The best of the Polar Express

When the classic Christmas book came out in 1985, it was a present under my Christmas tree for me and my son. The Polar Express was the tale of a boy’s dreamlike train ride with other children to the North Pole to meet Santa Claus. The young boy asks for a bell from Santa.When the children return to the train, the boy realizes the bell has fallen through a hole in his pocket. The train drops him at his door and he goes to bed but in the morning, his sister finds one small box with the boy’s name on it among the presents. Inside is the silver bell! They hear it ring and ring but their parents cannot hear the sound at all.

Beautifully wrapped from Grandma, the hard cover was presented in a special gold, gilded box. The book sat comfortably next to the inspired sleigh bell. As my family grew, we read the Polar Express every year. Every year it was a new story. The book was a beautiful meditation on Christmas magic.

In 2004, Tom Hanks played the mystical conductor in the Polar Express, now a timeless holiday movie. Many classrooms watch the Polar Express at school as a parting gift to start the winter break every year. But the Polar Express movie has always scared me a little.The roller coaster train drama was a bit frightening and the elf workshops on the North Pole were cold factories; losing their graceful appeal that other North Pole stories usually offer.

For me, I just wanted to read the book, eat chocolate and pretend. Ultimately, believe.

This week, the last week of school in which I assist, elementary classes received tickets to ride the Polar Express in the IMC, better known as the library. Please wear pajamas and hot chocolate will be served.  Ms. Hendron, the library specialist, is a wonderful creator of magic herself. She has quickly transformed herself into the conductor on the Polar Express. Oh Boy, I can’t wait. Especially a time to wear my pj’s.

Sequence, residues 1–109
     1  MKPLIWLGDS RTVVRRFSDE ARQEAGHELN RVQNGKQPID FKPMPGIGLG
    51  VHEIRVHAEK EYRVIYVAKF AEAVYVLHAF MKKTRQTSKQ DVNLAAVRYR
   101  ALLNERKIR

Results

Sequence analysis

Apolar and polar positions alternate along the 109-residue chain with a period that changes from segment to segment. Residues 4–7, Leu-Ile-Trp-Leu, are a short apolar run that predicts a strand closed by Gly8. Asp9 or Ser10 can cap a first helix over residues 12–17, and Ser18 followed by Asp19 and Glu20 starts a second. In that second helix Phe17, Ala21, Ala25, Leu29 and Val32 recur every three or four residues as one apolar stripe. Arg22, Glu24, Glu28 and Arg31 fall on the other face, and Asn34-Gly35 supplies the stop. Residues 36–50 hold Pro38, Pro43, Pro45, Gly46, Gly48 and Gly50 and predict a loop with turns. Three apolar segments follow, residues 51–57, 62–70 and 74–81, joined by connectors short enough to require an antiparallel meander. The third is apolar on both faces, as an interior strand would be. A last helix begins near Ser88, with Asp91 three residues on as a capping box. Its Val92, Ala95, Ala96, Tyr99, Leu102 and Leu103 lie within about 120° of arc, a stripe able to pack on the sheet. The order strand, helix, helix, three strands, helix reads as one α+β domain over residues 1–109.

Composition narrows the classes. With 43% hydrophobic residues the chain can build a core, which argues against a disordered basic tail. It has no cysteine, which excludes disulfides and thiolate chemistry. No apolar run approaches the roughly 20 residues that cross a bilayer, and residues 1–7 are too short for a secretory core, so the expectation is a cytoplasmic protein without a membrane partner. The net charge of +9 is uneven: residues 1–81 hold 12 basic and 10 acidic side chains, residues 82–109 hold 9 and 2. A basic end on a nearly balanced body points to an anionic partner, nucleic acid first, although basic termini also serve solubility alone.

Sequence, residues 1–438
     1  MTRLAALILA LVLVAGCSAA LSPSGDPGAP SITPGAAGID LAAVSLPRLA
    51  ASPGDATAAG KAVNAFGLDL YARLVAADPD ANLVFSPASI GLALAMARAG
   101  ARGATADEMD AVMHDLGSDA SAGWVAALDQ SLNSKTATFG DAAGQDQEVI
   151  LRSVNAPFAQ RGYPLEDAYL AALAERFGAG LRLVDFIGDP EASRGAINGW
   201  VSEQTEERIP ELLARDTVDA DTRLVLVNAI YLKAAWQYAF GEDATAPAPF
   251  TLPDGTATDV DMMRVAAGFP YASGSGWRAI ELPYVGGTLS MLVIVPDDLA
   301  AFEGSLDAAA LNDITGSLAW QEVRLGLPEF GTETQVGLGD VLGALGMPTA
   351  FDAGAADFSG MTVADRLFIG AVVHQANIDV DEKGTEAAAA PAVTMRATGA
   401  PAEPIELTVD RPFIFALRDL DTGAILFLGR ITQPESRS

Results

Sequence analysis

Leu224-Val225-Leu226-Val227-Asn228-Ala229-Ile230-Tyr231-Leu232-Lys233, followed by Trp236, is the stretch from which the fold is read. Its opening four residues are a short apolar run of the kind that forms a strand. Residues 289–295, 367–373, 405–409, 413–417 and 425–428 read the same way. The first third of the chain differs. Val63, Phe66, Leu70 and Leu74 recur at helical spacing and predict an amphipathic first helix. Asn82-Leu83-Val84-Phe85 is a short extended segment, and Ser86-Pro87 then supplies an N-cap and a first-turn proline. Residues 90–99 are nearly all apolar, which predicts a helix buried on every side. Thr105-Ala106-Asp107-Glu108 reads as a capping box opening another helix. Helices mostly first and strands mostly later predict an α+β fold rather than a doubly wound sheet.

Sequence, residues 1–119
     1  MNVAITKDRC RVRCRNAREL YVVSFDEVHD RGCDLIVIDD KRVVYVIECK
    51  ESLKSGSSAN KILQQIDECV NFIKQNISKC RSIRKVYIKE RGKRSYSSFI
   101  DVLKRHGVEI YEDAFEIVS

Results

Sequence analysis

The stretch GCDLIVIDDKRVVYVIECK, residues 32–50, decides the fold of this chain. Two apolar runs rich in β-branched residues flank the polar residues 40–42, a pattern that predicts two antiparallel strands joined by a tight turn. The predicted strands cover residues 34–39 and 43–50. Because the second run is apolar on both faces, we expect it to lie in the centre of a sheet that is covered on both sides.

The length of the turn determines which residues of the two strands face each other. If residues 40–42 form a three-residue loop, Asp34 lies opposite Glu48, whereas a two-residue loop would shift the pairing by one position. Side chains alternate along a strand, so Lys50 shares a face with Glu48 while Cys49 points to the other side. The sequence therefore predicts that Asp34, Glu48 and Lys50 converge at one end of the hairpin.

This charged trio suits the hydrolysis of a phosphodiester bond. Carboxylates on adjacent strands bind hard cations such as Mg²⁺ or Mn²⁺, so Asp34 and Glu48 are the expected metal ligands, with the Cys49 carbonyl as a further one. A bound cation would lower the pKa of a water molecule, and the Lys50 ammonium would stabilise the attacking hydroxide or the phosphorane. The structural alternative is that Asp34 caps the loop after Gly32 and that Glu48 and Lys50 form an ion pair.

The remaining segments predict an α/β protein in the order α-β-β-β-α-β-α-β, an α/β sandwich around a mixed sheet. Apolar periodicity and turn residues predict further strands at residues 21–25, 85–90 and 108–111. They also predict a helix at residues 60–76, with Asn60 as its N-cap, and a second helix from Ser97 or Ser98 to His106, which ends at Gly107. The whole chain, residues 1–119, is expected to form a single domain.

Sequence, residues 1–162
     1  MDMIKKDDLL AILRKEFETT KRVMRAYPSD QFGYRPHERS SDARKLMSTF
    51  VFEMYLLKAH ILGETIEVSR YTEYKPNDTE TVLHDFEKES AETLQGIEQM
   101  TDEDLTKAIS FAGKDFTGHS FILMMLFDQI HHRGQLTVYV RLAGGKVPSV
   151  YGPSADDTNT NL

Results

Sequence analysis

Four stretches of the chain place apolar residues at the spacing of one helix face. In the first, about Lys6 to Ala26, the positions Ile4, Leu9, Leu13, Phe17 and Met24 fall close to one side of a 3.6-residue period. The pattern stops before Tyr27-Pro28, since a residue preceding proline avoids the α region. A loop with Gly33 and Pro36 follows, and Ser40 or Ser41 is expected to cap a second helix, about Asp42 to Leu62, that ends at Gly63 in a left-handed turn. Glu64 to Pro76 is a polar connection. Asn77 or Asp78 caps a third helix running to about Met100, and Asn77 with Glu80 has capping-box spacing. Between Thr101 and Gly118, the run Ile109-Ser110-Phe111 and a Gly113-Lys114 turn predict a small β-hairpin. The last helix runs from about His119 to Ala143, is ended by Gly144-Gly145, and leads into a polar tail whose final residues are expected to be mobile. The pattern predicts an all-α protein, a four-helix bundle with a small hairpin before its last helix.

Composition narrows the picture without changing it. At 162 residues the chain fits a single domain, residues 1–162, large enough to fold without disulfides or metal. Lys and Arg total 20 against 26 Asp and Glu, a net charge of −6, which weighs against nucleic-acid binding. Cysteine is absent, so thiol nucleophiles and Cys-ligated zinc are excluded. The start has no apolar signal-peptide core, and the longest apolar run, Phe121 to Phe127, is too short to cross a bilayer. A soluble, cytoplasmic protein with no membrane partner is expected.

The library lights have been dimmed with sheeting overhead. White lights and silver snowflakes hang from the ceiling giving us the feeling of a cold snowy night as we take a seat on the benches that face a huge screen.  A fire roars in the background. We even get hats and our servers, her assistant, Ms. Wisdom, Ms. Kerfin, along with parent and grandparent helpers, pass out cups of hot chocolate. Each page of the book is highlighted on the big screen while being read by a screen reader. As the story proceeds, each student receives a string with Santa’s sleigh bell to take home. I got one too and we jiggled to make sure we could all hear them ring. One kindergarten boy told the staff that this was the best day of his life. Mine too.

If you want to take a ride on a public Polar Express, Rail Events Productions announces service on board THE POLAR EXPRESS™ Train Ride at Chicago Union Station this holiday season. Groups of 20 or more are eligible for a 10% discount which must be booked over the phone at (312) 471-2501.  The fun doesn’t end on Christmas. Use promo code 12DAYS for $12 off tickets on any train Dec. 26-Jan 1!

However,though many schools and neighborhoods are offering the Polar Express experience, not much can top the magnificent event of listening and watching the Polar Express book at Elizabeth Ide School.  Even better than with my own children.